"Mr. Elric seems to have suffered a dramatic decrease of brain activity. This implies that some parts of his brain are now completely non-functional."

Murmurs spread through the courtroom, and Alfons stiffened in his seat, staring at Edward. Here was one revelation that explained why Edward had been so tense lately. He had holes in his brain. Oh God, how had he managed to keep this to himself so long? Alfons' hands itched to hold Edward, he needed to touch him and kiss him and reassure himself that Edward was still himself, still okay. He wished he could be angry that Edward hadn't told him, but it was sadly typical.

God, no wonder Edward had seemed so off, what with losing focus all the time and speaking Russian and –

Ed, he reminded himself belatedly.

"From your examination of the defendant, can you hypothesize what might have caused this death of brain tissue?"

"I found no signs of head trauma, certainly not enough to cause this sort of damage. The simplest explanations would be extensive oxygen deprivation."

"Can you elaborate on the meaning of 'extensive'?"

Dr. Littlewood looked at the recordings, considering. "From an analysis of the difference between the levels of activity, I can say that on an average person, this amount of damage would have resulted in a permanent vegetative state. To subtract that much brain activity from a normal human brain would leave them basically non-functional at any level. Because Mr. Elric had an unnaturally high level of brain activity, even after this subtraction he is still capable of functioning. Whether or not he is truly functioning normally is beyond my area of expertise. A psychologist would probably have more to say on the subject."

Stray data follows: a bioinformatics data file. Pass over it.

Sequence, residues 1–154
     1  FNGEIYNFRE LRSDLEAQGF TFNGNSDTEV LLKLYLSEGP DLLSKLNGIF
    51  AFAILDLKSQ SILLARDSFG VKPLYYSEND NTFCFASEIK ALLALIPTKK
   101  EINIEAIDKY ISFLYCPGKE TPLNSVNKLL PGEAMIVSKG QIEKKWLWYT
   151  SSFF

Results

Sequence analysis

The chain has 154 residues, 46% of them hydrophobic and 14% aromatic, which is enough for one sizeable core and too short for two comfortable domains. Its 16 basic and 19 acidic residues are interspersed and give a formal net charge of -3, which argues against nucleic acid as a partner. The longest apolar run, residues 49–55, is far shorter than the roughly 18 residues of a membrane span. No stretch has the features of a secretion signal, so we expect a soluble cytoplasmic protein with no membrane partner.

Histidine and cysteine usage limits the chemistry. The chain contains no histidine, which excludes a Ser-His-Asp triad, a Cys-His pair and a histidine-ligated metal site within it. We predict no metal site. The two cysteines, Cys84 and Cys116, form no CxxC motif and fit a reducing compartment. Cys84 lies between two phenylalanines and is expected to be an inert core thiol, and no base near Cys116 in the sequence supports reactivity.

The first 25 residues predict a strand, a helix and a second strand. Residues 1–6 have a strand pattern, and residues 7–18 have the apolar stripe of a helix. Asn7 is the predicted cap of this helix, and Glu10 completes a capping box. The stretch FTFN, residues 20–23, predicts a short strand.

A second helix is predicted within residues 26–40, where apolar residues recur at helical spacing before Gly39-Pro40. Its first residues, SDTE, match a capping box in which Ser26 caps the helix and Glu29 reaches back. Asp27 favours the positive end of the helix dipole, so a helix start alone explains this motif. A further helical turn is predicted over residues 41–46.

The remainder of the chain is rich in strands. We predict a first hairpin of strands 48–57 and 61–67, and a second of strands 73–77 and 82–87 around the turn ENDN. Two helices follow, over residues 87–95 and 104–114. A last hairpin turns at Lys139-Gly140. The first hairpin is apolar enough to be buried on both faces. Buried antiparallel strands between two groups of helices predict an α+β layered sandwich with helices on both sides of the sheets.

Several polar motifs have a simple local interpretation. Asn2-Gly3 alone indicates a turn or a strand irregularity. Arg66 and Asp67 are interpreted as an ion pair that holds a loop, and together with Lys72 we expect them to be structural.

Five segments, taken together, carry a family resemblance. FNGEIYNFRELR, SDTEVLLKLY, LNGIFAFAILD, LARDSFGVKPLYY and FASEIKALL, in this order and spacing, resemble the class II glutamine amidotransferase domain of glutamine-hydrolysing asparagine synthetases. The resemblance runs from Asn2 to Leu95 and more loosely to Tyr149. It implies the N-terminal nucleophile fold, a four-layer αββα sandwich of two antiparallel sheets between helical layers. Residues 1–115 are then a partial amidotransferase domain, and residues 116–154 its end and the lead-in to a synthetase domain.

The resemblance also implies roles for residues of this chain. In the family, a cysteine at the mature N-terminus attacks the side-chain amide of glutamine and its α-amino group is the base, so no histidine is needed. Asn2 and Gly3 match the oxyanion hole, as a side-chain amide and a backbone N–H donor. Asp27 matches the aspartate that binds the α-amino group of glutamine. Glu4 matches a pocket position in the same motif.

Edward's brain was half as functional as it had been, and he was still a genius. As a teenager, he must have been frightening. Alfons slid down in his chair a little, and felt very stupid. He was so normal next to Edward - and that was taking his body-reversal and the worms into account!

Out of the corner of his eye he caught a glimpse of Winry's pale face, and Mustang's set jaw. No wonder Edward hadn't wanted to deal with the repercussions of this. And it would only get worse, Alfons thought, because there were revelations yet to come.

"In your experience, how long would a person need to be deprived of oxygen for the brain to start dying, and for damage of this extent to occur?"

"After five minutes of oxygen deprivation, irreversible brain damage sets in."